Impact of a scalable care transitions program for readmission avoidance.
Am J Manag Care. 2016 Jan;22(1):28-34
Authors: Hamar B, Rula EY, Wells AR, Coberley C, Pope JE, Varga D
OBJECTIVES: To evaluate the Care Transition Solution (CTS) as a means to improve quality through reduction of preventable hospital readmissions among patients with readmission-sensitive conditions subject to penalties imposed by the Affordable Care Act.
STUDY DESIGN: A retrospective quasi-experimental evaluation of the impact of the CTS among admitted patients diagnosed with heart failure, acute myocardial infarction, chronic obstructive pulmonary disease, and/or pneumonia (CMS readmission-penalty diagnoses) in 14 acute care hospitals in Texas. The program, designed for scalable delivery, incorporated identification of high readmission-risk patients, assessment of individual needs, medication reconciliation, discharge planning, care coordination, and telephonic postdischarge follow-up.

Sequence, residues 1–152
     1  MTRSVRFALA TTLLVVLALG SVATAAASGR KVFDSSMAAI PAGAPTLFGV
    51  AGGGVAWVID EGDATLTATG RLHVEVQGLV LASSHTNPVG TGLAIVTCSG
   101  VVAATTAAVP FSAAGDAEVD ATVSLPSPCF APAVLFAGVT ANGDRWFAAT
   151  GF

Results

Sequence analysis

METHODS: The treatment group of program enrollees (N = 560) and the comparison group with no program contact (N = 3340) were matched on 8 coarsened demographic, diagnosis, and severity variables associated with readmission risk. Assessed outcomes included relative risk and odds of readmission within 30 days postdischarge and overall within the 6-month evaluation period. Zero-inflated Poisson multivariate models were used to estimate intervention effects controlling for matching-generated weights, age, disease status, and period of evaluation.
RESULTS: Treatment group risk of readmission was 22% lower overall (incidence rate ratio [IRR], 0.78; P < .01) and 30-day readmission risk was 25% lower (IRR, 0.75; P = .01) relative to the comparison group. Odds of any or 30-day readmission were 0.47 (95% CI, 0.35-0.65) and 0.56 (95% CI, 0.41-0.77), respectively, for treatment relative to comparison.
CONCLUSIONS: Participation in the CTS resulted in significantly lower rates of readmissions among patients with readmission-sensitive conditions, offering a scalable and sustainable approach to reduce the number of preventable hospital readmissions.
PMID: 26799122 [PubMed - as supplied by publisher]